This week’s small business star is Joanna Culley, founder of Medical-Artist.com, a medical and scientific illustration studio. Joanna’s interest in this area blossomed whilst studying scientific and medical illustration at degree level, but initially lacking the business acumen to set up by herself her first jobs were nothing to do with art.

Nearly ten years on, fuelled by determination, Joanna embarked on the training with the Medical Artists’ Association of Great Britain which she needed to enable her to practise professionally as a medical artist.

Armed with the relevant qualifications, Joanna was keen to create a business around her skills. In 2004, equipped with the appropriate training in anatomy and having acquired business guidance, she began work as a scientific and medical illustrator on a commercial basis.

1. I began as a sole trader

Initially I was only working on small commissions and had to generate other income but as I built my portfolio, marketing and reputation I got more and more work and larger projects. It was really satisfying to have clients come back to me for new projects, often years after the initial project.

I was able to start choosing which projects to work on and develop the business and eventually went from sole trader to setting up as a limited company. Now we’re able to employ other people and extend services beyond simply custom medical illustrations.

2. We understand the value of having a blend of clients

Our marketing efforts have been international so we have continued to grow the business each year since I started by having a blend of domestic and overseas clients, which helps smooth demand.

We have found that ensuring that marketing remains a priority in the business helps sustain growth and profits of the core business but you also have to look ahead and set goals. We are working to expand our stock illustration business under the brand and website Medical-Artist.net which is important for us to be able to service the clients with smaller budgets and standard illustration needs.

We sustain our business through understanding the importance of the web by making full use of show casing our large gallery of work online. We are strict with understanding copyright and licensing management so we have built up a bank of images that we can re sell time and time again.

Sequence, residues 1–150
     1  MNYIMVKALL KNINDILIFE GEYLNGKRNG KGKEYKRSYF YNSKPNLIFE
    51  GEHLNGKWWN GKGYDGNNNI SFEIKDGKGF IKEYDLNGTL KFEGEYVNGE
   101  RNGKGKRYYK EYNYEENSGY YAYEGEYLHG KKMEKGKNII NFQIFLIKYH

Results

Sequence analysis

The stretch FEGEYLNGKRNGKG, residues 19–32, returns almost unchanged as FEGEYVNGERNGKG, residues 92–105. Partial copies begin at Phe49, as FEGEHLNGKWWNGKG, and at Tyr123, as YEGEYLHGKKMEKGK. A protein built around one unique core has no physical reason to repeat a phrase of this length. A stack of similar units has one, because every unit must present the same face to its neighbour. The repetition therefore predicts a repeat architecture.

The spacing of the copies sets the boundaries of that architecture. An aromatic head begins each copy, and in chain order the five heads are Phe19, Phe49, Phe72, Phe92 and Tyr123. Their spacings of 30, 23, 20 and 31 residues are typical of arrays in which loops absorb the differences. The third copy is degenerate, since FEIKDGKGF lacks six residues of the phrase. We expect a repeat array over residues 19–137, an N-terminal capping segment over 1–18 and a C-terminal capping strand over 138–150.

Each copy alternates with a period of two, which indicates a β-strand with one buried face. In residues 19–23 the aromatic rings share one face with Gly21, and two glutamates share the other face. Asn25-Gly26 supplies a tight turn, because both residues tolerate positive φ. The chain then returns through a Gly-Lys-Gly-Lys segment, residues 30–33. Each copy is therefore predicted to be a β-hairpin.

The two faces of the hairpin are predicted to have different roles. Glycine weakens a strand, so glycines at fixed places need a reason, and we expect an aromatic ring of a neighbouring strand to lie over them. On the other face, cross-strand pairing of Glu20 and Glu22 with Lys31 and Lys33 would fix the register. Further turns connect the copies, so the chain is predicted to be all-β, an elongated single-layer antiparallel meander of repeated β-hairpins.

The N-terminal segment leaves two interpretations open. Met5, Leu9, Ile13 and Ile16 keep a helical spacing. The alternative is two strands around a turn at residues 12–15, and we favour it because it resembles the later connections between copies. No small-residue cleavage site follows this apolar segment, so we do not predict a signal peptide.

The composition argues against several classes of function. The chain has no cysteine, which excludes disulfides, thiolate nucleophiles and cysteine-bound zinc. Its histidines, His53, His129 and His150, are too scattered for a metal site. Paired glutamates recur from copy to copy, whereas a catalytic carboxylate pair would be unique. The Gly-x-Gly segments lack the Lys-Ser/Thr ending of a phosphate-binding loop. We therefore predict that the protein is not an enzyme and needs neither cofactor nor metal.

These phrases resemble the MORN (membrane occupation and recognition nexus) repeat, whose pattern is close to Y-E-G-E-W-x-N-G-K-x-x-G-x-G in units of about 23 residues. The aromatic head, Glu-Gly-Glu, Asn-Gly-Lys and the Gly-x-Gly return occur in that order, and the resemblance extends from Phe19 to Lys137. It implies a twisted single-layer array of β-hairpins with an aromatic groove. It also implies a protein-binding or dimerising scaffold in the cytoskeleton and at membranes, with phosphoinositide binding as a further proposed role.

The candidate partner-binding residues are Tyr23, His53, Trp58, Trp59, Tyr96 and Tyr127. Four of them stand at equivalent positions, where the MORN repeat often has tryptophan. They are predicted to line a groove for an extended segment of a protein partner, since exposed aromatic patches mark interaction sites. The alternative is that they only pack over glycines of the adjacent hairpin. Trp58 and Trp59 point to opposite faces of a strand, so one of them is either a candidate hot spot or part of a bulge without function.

We create what we call products to combine our skills of illustration, writing, and digital skills to create iBooks to sell to the general public on topical health and medical related subjects. We have a work ethic only to provide top quality work alongside building on and retaining good customer relationships, we therefore have clients that have been using our services for many years.

3. Our website and social media is increasingly important to the business

We have a very good relationship with digital. From an artistic point of view skill we have embraced working with a digital pen and Wacom tablet and we are very dependent on digital technologies from Adobe Creative Suite for illustration creation, to DropBox for very large file delivery.

As we work with many overseas clients our website is important. Plus its great to hear that a client found you on Google in Brazil or followed our Twitter account. It is important for all businesses to embrace digital, especially for their marketing, but it has to be done in a way that works for their own business. We have found some things much more successful than others in the digital sphere.

4. Clear communication is key when you have differing client needs

It is vital when you are creating a unique illustration – often of a new medical technique or device – to fully understand what the illustration has to communicate. As we don’t provide a ‘standard product’ we have to understand and consider the details of what is wanted on each project.

It’s all about good communication with the client and doing it in the way that works for everyone. Sometimes simply picking up the phone and asking can save a lot of emails. We have also embraced technology for communication using services such as Skype for video calling and screen sharing.

I can have a call with someone on the other side of the world and create a rough sketch as they talk and then hold it up to a webcam for them to see. Its amazing when you think that we have these tools available to us in business – you should never be scared of using them.

5. If you are great at what you provide, you don’t have to compete on price alone

Aim high, be the best at what you do. If this takes continuous perfecting, especially as a medical artist, then it must be done. If you are great at what you provide, including excellent customer service, you don’t have to compete on price alone.

We aim to provide our clients with great value by providing the best at a fair price. With the world becoming an increasingly global marketplace, trying to compete on price doesn’t always make business sense for companies in the UK.

Find out more about Joanna by visiting: www.medical-artist.com.

For more advice and insight from business owners, visit our Small Business Stars hub.